On Aug. 16 Atlanta Police served a search warrant at Marquis at Buckhead on Colonial Holmes Drive. Leondre’s family said it was the last place he used his phone.
ATLANTA — The search for a missing Gwinnett County man who disappeared along with his truck on a routine trip to the auto parts store has taken a dark turn.
Leondre Flynt’s missing persons case out of Gwinnett County has now been transferred to the Homicide Unit over at the Atlanta Police Department.
On Tuesday, Atlanta Police released an incident report from a search warrant executed at Marquis at Buckhead apartments off Peachtree Road in Buckhead. In the report, it states APD’s Homicide Unit was asked to assist Gwinnett County Police on their investigation into the disappearance of the 21-year-old Flynt, of Loganville.
During the search warrant an officer wrote in the report, “…items of evidentiary value were collected.” It went on to state, “Based off the circumstances of Leondre’s disappearance and the evidence collected, the Homicide Unit believed Leondre had been killed.”
On Wednesday, his cousin Shannon Wilson met 11Alive’s Cody Alcorn at the apartment complex on Colonial Holmes Drive. He said the family was notified about a week ago. Flynt’s case was now being investigated as a homicide. However, Wilson confirmed his cousin and Flynt’s maroon GMC Canyon truck were still missing.
“It’s real hard, it’s hard on the family,” Wilson said.
Wilson also revealed some new details on how their family actually led police to the apartment in Buckhead. He said Flynt shared a phone plan with Wilson’s sister so she was able to gain access to his phone records.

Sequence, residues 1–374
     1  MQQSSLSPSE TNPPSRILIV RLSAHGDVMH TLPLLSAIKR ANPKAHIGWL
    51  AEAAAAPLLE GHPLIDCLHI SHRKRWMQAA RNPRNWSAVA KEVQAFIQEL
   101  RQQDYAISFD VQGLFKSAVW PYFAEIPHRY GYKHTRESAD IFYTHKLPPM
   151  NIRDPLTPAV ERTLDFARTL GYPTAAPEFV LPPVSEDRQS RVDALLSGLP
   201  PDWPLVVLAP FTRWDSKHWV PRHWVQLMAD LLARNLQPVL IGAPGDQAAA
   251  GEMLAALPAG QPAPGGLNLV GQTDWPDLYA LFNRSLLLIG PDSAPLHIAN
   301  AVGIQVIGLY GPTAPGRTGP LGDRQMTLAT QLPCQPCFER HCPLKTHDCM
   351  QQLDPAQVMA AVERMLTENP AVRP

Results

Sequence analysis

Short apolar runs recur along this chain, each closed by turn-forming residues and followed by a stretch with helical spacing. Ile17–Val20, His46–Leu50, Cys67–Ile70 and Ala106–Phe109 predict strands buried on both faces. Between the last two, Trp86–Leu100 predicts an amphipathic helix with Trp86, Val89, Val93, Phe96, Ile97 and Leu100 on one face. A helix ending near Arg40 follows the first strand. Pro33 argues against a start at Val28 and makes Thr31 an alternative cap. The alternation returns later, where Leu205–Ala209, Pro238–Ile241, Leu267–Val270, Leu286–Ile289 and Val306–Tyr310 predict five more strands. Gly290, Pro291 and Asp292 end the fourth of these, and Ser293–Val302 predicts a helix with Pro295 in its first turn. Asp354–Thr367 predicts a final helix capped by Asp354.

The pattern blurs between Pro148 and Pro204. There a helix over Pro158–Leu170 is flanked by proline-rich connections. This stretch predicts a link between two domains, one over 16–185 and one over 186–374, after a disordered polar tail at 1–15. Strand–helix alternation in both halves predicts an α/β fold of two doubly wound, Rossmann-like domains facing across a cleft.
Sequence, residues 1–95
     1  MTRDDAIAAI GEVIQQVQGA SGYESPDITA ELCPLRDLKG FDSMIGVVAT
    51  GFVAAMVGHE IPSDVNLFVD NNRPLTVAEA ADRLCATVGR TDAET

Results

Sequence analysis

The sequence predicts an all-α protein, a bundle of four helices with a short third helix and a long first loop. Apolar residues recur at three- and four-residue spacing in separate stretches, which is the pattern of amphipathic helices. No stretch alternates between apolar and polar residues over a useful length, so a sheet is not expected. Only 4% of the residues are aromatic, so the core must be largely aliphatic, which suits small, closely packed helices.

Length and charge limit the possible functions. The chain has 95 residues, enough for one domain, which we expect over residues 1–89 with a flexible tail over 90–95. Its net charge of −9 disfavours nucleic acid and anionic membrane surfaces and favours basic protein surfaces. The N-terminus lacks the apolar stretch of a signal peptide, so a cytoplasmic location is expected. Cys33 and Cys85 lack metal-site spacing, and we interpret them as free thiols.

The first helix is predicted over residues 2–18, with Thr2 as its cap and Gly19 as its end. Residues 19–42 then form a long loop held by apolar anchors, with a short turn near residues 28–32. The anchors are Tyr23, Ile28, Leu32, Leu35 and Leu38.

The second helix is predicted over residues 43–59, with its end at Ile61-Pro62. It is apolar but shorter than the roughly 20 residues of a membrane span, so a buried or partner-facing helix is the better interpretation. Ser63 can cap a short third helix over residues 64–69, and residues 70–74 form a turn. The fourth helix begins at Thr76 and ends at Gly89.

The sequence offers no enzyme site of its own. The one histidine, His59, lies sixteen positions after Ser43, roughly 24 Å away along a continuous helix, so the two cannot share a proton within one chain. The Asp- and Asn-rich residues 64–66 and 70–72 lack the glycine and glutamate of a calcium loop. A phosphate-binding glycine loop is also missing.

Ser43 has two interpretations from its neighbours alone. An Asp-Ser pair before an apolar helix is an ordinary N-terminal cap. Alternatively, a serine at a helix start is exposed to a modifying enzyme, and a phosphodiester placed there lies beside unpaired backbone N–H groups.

He said they were able to determine the last phone call made by Flynt was in the Buckhead area. Wilson said the call was to a parking company.
“We basically was canvassing the whole area trying to find this specific parking company,” Wilson explained.
He said thanks to technology, they were able to figure out that Flynt placed that call from the Marquis at Buckhead Apartments around noon on July 29 — the last day his family ever saw or head from him.
Wilson said as they continued to their own investigation, they learned within just a couple hours of Flynt showing up at the apartment complex, shots were heard by several people.
“The information we got from the office was the people in the unit said it was a misfire,” Wilson explained.
However, he said he wasn’t buying the leasing office’s story.
“I don’t know who the hell misfires like five times but that was their explanation for it,” Wilson said.
He said with the information they were able to gather they contacted police which led to the search warrant being executed on Aug. 16. It was that day that Atlanta Police officially took over the investigation.
Wilson said police called them within the last week to notify them they believed Flynt had been killed. Wilson said they believed something bad happened the day they filed the missing persons report on July 30.
He said his sister who Flynt lived with had a gut feeling the day she filed the report.
“My sister actually knew the very next day because if he’s not coming home, he’s going to call,” he said.
Wilson said while they want justice for Flynt, right now they just want to find his body so they can bring him home.
“It’s real hard, it’s hard on the family,” he said. “There’s really no closure, I mean we can’t have a funeral.”
Atlanta Police haven’t released any information outside the incident report they released to 11Alive that only points to “evidence” collected at the apartment at Marquis at Buckhead and the circumstances surrounding his disappearance led them to believe Flynt had been killed.
While the family believes APD does have some people of interest, no suspects have been named in the case.
As for Flynt’s GMC Canyon truck, Wilson said there was some miscommunication about it being found. He said the truck, which is a 2018 maroon pickup with temporary tag number P4689211 was pinged by OnStar in Detroit not long after he vanished. However, Wilson said police didn’t actually find it. He said attempts to track it since have been unsuccessful.
Wilson is urging anyone with information on his cousin’s whereabouts or what happened to him on July 29, to call police. You can also call Crime Stoppers at 404-577-TIPS(8477) or e-mail the anonymous information using the online form at www.crimestoppersatlanta.org.
The tip can result in a reward up to $2,000 to the individual who supplied the information needed to solve the case.